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Paths Without Glory: Richard Francis Burton in Africa Hardcover – December 1, 2009
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About the Author
James L. Newman is a professor emeritus of geography at Syracuse University’s Maxwell School. His books include Imperial Footprints: Henry Morton Stanley’s African Journeys (Potomac Books, Inc., 2006), The Peopling of Africa, Eliminating Hunger in Africa with Daniel Griffith, and Contemporary Africa with C. Gregory Knight. He lives in Syracuse, New York.
Top customer reviews
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However there is much detail here and the author's work will be of benefit to those searching out source material for their own ends. This warrants "kudos".
The historical maps used, if meant to provide an ambience of place for the reader, succeeded. However for actual utility while reading, I found them wanting. Curious.. as the author is a professor emeritus of geography.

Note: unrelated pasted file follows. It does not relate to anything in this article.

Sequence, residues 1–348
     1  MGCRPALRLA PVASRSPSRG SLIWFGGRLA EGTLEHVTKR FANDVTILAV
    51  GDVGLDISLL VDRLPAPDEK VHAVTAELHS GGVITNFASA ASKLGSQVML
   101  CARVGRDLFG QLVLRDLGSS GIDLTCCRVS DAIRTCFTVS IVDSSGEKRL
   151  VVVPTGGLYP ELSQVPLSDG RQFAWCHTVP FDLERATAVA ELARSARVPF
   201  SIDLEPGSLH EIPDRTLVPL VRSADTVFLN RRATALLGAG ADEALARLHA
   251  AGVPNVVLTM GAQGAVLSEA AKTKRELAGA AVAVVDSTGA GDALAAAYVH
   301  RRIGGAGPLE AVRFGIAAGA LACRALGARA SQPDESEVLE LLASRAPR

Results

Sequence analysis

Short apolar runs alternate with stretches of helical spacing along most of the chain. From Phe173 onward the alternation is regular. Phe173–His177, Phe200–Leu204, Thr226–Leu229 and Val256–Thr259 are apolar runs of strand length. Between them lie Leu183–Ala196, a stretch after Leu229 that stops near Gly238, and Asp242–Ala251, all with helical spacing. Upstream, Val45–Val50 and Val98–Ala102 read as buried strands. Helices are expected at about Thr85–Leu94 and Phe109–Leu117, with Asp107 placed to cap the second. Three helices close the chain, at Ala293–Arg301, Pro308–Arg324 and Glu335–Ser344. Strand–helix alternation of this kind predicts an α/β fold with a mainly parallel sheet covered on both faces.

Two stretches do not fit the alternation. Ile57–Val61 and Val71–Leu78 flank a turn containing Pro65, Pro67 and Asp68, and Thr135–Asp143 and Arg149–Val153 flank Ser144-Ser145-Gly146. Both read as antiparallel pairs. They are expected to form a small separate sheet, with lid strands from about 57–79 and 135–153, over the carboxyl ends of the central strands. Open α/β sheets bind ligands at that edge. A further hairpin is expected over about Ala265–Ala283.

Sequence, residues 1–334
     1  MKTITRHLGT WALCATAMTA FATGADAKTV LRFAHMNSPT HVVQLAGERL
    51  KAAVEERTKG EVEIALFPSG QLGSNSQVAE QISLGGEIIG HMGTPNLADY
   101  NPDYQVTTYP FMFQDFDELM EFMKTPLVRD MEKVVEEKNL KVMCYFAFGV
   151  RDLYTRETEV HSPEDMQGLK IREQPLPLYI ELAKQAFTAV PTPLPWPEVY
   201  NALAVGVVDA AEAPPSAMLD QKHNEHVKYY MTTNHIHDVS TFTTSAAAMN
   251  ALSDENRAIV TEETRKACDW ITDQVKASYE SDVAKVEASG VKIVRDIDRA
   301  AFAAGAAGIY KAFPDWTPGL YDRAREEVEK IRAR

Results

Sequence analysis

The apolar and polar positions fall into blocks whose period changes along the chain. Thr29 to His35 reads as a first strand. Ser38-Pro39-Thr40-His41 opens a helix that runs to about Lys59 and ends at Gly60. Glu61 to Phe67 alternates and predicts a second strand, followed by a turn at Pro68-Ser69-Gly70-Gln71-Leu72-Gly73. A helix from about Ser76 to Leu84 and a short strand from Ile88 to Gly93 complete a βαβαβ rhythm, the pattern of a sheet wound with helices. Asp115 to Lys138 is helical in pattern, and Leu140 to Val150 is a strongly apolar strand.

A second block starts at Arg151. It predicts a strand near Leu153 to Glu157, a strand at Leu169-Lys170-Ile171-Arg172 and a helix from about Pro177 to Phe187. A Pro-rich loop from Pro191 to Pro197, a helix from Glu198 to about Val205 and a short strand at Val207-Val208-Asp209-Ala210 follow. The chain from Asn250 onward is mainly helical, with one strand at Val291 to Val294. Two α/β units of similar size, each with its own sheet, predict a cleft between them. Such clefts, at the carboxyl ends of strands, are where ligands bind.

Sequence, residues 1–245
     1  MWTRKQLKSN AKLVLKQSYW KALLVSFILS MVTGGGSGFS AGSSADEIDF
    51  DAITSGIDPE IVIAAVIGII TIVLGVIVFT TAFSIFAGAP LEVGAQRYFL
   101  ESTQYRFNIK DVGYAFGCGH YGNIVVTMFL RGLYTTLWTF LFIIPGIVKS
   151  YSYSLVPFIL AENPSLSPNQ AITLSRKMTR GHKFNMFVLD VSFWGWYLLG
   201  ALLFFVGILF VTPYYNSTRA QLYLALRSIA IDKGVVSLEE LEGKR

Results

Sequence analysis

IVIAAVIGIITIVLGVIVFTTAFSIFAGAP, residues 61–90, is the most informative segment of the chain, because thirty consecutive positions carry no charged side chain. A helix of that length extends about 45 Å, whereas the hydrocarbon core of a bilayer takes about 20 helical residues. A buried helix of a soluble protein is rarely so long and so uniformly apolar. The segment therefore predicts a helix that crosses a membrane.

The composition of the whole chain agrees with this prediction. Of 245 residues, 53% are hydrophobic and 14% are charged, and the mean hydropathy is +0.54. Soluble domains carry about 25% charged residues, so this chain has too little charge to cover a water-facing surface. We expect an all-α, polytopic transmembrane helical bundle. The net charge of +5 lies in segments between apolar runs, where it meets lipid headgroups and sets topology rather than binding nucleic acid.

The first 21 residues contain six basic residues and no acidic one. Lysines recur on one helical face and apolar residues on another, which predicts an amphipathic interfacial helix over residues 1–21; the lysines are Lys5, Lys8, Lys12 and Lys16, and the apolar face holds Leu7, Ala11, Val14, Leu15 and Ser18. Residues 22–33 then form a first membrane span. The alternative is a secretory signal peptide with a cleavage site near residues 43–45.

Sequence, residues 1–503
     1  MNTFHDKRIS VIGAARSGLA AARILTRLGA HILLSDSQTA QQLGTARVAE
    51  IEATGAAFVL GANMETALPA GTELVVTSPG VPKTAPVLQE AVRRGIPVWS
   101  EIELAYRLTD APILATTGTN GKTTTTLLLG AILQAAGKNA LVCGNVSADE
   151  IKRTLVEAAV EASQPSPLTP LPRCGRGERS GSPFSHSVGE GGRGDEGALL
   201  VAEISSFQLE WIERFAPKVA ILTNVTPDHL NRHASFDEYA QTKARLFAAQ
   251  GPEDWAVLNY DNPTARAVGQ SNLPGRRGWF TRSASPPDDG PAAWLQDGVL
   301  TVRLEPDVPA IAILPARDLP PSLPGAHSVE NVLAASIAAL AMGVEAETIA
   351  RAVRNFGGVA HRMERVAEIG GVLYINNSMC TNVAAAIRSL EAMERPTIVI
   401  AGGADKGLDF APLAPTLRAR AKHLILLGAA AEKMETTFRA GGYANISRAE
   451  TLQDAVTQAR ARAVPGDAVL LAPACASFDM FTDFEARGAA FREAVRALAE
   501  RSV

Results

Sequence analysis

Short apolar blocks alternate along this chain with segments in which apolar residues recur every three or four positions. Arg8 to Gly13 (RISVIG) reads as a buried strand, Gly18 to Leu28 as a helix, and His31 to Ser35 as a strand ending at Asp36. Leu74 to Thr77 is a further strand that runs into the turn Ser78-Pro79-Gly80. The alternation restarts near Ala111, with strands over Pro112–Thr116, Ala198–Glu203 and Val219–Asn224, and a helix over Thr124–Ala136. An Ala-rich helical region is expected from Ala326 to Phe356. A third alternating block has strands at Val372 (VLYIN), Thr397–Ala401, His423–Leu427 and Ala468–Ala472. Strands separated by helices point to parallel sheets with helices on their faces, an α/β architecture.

Newman provides a detailed accounting of the Africa years of Burton's life. The retelling is helpful but too often Newman cannot resist snippy remarks about Burton's imagined sexual encounters, drinking, drug use, or views on polygamy. Newman's does not support is speculation with fact--they are the judgments of a contemporary historian with Victorian sensibilities. If I may speculate, Burton would find the book judgmental and pompous.
Setting Newman's views aside, Paths Without Glory, is a compelling retelling of the Burton story. It is ironic that a book written by a professor of geography lacks maps depicting Burton's African treks. Worse, the one map of the African continent is a modern projection with modern place names.
Yes, I would recommend the book, but I would recommend the reader ignore Newman's authorial intrusions and keep a laptop with Google maps at his or her side.